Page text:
This addition emphasises NICE's standard advice on healthcare professionals' responsibilities.
Doctors and dentists should offer the most appropriate treatment options, in consultation with the
patient and/or their carer or guardian. In doing so, they should take account of the
recommendations in this guideline and the values and preferences of patients, and apply their
clinical judgement.’

The significant challenge facing dentists in the UK is that this 2016 amendment to the NICE
guideline does not define which individual patient should be considered for ‘non-routine’
management. Additionally, there is no information on which antibiotic prophylaxis regimen(s)
would be appropriate for use in a dental setting. This has led to confusion amongst dental
practitioners and thus wide variation in how the recommendation may be implemented in
practice. To address this, the Scottish Dental Clinical Effectiveness Programme (SDCEP) convened
a short-life working group to develop advice for the dental team to facilitate the implementation
of the NICE guideline. Further details about SDCEP and the development of this implementation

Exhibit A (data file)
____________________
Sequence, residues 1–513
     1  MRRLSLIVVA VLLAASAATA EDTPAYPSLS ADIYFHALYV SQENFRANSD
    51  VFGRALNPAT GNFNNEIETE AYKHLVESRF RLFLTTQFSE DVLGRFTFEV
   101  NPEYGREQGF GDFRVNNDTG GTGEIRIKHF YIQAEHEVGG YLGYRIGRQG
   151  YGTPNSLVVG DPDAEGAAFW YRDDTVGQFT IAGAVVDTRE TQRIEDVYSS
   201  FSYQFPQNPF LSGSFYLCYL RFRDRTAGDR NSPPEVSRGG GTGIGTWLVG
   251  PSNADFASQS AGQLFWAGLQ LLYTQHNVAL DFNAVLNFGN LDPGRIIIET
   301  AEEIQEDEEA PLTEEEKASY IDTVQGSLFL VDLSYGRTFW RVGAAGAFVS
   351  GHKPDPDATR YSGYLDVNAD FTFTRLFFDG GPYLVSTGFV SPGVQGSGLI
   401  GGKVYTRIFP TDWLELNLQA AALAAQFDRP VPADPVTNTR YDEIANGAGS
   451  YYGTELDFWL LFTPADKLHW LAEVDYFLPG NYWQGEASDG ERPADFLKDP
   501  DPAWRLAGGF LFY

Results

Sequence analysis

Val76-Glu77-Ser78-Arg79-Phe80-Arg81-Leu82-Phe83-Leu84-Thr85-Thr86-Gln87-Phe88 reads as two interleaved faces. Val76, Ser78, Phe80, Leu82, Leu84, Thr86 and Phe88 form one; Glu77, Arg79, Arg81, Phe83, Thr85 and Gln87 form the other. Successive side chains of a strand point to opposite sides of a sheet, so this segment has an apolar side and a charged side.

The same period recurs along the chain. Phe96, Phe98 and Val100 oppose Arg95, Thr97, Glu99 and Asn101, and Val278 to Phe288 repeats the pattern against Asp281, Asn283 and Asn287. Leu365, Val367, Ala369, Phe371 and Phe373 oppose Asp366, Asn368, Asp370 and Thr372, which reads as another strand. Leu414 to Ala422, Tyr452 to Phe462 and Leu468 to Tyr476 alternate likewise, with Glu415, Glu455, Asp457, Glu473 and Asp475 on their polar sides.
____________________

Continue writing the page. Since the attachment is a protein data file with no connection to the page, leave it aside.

advice are given in Appendix 1.

It is not expected that standard practice will change following publication of this implementation
advice and antibiotic prophylaxis is not the default option for most patients at increased risk of IE.
However, a very small number of patients may require special consideration for prophylaxis,
which will require discussion with the patient and liaison with the patient’s cardiac specialist(s).

As with all SDCEP publications, the information presented here does not override the
responsibility of the healthcare professional to make decisions appropriate to the individual
patient, with their valid consent. It is advised that significant departures from this implementation
advice, and the reasons for this, are documented in the patient’s clinical record.

1.1 Supporting Tools


Other resources to support this advice are presented in the appendices and are available to
download from the SDCEP website, www.sdcep.org.uk.

• Appendix 2 - Summary Flowchart


• Appendix 3 - Points to Cover During Antibiotic Prophylaxis Discussion with Patient
• Appendix 4 – Patient Information
• Appendix 5 - Template Letter

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Antibiotic Prophylaxis Against Infective Endocarditis

2 Overview of Existing Guidelines

In addition to the National Institute for Health and Care Excellence (NICE) Clinical Guideline 64,
guidelines from two other professional organisations, the European Society of Cardiology (ESC)
and the American Heart Association (AHA) informed this implementation advice. The
methodological quality of these guidelines was assessed using the AGREE II instrument (see
Appendix 1 and www.agreetrust.org.) and these sources were judged to be sufficiently reliable to
inform this implementation advice.